No significant impact of D.A.R.E. on cigarette, alcohol, or marijuana use one year after and over five year follow up

Individuals – Ennett et al. (1994)

D.A.R.E. has no significant impact on smoking, alcohol use, or heavy drinking immediately after, 1 year after, and 2 years; after program

Individuals – Perry et al. (2003)

D.A.R.E. has no significant impact on any of the outcome measures (self-reported tobacco, alcohol, and marijuana use; violence, victimization)

Individuals – Ridgeway et al. (2011)

Letter to gun buyers informing them about gun laws has no impact on likelihood gun will become crime gun

Individuals – Ringwalt et al. (1991)

D.A.R.E has no significant impact on smoking, alcohol use, or use of inhalants

Individuals – Rosenbaum & Hanson (1998)

D.A.R.E has no significant overall impact on using drugs, cigarettes, or alcohol

Individuals – Saunders et al. (2016)

Predictive policing intervention targeting individuals at high risk for gun violence did not significantly impact the likelihood of becoming a shooting or homicide victim

Micro Places – Buerger (1994)

Problem-oriented policing in high crime addresses leads difference in calls for service in commercial treatment vs. control addresses, but small decline in residential calls in treatment area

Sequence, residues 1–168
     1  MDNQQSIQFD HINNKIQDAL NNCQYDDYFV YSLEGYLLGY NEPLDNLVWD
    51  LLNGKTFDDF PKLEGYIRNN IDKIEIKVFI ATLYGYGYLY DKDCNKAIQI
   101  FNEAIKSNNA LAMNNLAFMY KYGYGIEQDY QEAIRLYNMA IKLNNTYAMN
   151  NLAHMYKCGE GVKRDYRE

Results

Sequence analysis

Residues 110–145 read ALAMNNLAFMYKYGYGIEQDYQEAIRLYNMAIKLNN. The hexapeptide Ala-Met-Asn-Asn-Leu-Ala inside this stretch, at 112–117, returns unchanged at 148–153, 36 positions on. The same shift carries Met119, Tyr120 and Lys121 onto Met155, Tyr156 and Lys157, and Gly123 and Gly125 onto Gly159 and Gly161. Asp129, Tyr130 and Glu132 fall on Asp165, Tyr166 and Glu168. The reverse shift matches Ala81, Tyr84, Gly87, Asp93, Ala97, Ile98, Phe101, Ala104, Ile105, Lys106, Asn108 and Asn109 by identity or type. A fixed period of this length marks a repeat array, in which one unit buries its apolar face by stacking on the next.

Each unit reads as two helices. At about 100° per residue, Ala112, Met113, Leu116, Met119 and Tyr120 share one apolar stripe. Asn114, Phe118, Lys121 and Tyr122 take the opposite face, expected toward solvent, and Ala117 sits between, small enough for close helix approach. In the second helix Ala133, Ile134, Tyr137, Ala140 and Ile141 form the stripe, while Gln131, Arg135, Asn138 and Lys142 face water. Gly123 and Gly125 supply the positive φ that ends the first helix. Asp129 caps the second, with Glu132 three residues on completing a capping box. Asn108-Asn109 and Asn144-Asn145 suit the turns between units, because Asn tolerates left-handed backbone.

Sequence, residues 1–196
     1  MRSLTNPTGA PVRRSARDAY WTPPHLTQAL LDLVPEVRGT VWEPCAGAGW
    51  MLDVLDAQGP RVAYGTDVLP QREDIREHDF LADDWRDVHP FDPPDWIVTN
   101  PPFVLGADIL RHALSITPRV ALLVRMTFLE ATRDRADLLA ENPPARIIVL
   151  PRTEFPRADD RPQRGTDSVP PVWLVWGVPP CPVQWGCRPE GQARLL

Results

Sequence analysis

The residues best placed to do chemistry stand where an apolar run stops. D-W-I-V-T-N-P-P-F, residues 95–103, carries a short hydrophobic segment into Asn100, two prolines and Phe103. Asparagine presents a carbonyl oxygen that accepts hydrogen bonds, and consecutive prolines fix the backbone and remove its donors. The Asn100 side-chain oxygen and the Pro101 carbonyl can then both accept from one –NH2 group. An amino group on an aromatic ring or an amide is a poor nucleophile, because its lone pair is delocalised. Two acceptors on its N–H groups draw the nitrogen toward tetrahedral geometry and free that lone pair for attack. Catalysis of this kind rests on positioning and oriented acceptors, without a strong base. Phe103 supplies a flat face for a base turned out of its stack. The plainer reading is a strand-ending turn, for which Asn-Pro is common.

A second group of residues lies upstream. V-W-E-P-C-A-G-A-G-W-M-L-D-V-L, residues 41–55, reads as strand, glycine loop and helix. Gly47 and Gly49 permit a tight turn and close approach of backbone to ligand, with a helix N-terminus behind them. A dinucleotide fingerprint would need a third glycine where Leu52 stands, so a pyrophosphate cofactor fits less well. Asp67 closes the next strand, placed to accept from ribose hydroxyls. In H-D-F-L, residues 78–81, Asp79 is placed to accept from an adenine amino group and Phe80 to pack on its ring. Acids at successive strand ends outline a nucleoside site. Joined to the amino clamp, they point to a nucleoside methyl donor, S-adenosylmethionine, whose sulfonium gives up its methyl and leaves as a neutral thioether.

Micro Places – Groff et al. (2015) (Problem-Oriented Policing)

Problem-oriented policing did not lead to a reduction in violent crime, however likely due to weak implementation

Neighborhood – Bennett (1990)

Lower socioeconomic status areas that tended to be higher in crime had less surveillance and less effective neighborhood watch programs

Neighborhood – Saunders et al. (2017) [Flint, MI]

Drug Market Initiative (DMI) in Flint, Michigan, showed no significant differences in crime rates compared to control areas

Neighborhood – Saunders et al. (2017) [Guntersville, AL]

Drug Market Initiative (DMI) in Guntersville, Alabama, showed no significant differences in crime rates compared to control areas

Neighborhood – Saunders et al. (2017) [Montgomery, MD]

Drug Market Initiative (DMI) in Montgomery County, Maryland showed no significant differences in crime rates compared to control areas

Neighborhood – Weisburd et al. (2008)

Risk-focused policing program targeting juvenile risk factors has no influence on self-reported delinquency

Neighborhood – Wycoff & Skogan (1993)

No decrease in victimization after increase in police-community meetings in target district

Individuals – Sloboda et al. (2009)

Negative program effect for adolescent substance abuse prevention program on use of alcohol and cigarettes and no effect for marijuana use.

Individuals – Uchida et al. (2019)

Focused deterrence program led to quicker recidivism for treatment participants